Quite the selective comments you have chosen.

 

 I remember that Mulcair wasn't going to get re-elected, and Dion was never going to win the leadership.

 

And the NDP were going to lose seats, yada, yada, yada.

 

Do I need to bother going on?

 

The NDP chances of overtaking the Liberals are probably better than the Liberals chances of overtaking the Cons.

 

Fidel

Debater wrote:
  That was one of the things that was pointed out by a number of people such as Professor Andrew Cohen of Carleton University.

 

I think he also pointed out that in the last election the Liberals won the lowest percentage of the popular vote in the history of the party. If we ever fight for and win advanced democracy in this Northern Puerto Rico, that party will be toast unless they swing left 180 degrees.

Debater

The main point about the last election was that not only did it reveal how hard it will be for the Conservatives to win a majority, it revealed that it is unlikely the NDP will be able to replace the Liberals at any point in the near future.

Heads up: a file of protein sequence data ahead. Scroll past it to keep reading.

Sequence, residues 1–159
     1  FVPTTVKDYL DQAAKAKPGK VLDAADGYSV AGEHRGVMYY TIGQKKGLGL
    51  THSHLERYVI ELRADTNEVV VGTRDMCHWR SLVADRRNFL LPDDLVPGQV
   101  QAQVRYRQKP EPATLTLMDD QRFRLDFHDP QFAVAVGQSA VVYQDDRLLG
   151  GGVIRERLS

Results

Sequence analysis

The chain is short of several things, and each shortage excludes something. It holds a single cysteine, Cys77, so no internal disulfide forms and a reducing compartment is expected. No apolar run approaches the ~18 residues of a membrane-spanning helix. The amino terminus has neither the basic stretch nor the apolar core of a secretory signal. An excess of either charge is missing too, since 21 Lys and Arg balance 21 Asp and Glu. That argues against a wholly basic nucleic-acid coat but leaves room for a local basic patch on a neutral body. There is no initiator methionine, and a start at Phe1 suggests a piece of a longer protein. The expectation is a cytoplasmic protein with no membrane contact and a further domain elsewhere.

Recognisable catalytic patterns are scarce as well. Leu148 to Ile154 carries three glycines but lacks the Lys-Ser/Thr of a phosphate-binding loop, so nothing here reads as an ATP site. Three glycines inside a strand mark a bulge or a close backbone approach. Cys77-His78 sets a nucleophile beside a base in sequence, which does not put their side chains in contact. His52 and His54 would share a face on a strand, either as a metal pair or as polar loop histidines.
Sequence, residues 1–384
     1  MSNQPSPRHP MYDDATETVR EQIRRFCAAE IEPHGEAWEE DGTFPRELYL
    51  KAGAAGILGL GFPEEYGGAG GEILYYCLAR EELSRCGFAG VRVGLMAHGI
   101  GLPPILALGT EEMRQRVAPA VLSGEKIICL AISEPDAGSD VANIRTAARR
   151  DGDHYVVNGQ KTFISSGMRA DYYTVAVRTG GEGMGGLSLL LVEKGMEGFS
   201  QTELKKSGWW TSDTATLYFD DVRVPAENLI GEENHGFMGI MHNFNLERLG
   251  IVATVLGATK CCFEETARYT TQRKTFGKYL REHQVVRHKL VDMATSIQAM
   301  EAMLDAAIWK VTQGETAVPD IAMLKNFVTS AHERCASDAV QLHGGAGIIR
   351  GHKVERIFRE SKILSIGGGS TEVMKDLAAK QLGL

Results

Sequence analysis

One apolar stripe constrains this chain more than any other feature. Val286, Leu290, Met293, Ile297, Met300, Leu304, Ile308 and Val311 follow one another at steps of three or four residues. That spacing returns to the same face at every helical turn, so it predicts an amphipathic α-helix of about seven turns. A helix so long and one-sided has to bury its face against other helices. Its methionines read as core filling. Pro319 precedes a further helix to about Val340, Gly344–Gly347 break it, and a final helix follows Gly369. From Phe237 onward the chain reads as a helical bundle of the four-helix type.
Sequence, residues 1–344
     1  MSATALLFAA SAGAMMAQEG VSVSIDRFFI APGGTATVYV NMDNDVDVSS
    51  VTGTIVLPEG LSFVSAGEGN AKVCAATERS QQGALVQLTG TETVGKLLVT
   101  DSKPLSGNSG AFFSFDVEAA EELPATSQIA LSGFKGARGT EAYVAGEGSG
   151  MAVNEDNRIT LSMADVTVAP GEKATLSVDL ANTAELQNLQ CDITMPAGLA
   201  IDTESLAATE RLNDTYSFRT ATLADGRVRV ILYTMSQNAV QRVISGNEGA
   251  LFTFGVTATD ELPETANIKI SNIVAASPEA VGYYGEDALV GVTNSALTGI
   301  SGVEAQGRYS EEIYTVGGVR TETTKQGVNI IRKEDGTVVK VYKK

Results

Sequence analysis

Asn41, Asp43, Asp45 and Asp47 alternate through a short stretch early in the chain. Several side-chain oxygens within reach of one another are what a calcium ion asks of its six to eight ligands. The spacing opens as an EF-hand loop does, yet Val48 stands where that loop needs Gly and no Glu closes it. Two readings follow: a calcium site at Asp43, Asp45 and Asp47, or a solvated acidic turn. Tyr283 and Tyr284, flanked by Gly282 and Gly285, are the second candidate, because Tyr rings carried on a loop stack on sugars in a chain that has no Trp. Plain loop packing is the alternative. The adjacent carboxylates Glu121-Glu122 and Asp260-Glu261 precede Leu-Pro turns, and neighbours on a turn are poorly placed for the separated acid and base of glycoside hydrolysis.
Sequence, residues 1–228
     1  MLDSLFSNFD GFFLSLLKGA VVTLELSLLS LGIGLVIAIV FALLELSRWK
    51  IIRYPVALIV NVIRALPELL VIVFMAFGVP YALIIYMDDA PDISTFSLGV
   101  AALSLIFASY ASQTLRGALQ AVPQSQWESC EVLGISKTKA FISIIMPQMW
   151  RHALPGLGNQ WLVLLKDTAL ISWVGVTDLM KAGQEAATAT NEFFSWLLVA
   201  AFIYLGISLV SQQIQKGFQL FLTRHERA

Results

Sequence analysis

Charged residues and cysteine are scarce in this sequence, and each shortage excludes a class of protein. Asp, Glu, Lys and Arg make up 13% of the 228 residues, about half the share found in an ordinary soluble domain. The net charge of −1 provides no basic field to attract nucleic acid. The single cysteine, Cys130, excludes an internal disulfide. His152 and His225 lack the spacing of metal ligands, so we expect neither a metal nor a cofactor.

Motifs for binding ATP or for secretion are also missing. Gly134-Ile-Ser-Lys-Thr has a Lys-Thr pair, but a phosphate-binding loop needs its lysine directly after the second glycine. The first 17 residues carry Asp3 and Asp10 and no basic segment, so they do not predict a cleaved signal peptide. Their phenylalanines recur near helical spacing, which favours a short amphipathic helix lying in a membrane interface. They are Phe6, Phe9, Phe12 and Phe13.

Just as the point of the last election was to win a majority for the Conservatives, the point of the last election for the NDP was not just to pick up 7 seats - it was to become the official opposition.  Don Newman (who appears to be fairly well-liked here) pointed this out on CBC election night.

And yes, the fact that the Liberals won their lowest popular vote since the late 1800's and yet were able to win twice as many seats as the NDP proves the point I was trying to make - even when the Liberals have a very low popular vote they are still able to beat the NDP on seat count.  Thank-you for bringing up the popular vote and helping prove my point. Wink

remind remind's picture

Debater wrote:
Back to the seat count, one of the significant trends that was revealed in the last election is that it is almost impossible for the NDP to win more seats than the Liberals.  That was one of the things that was pointed out by a number of people such as Professor Andrew Cohen of Carleton University.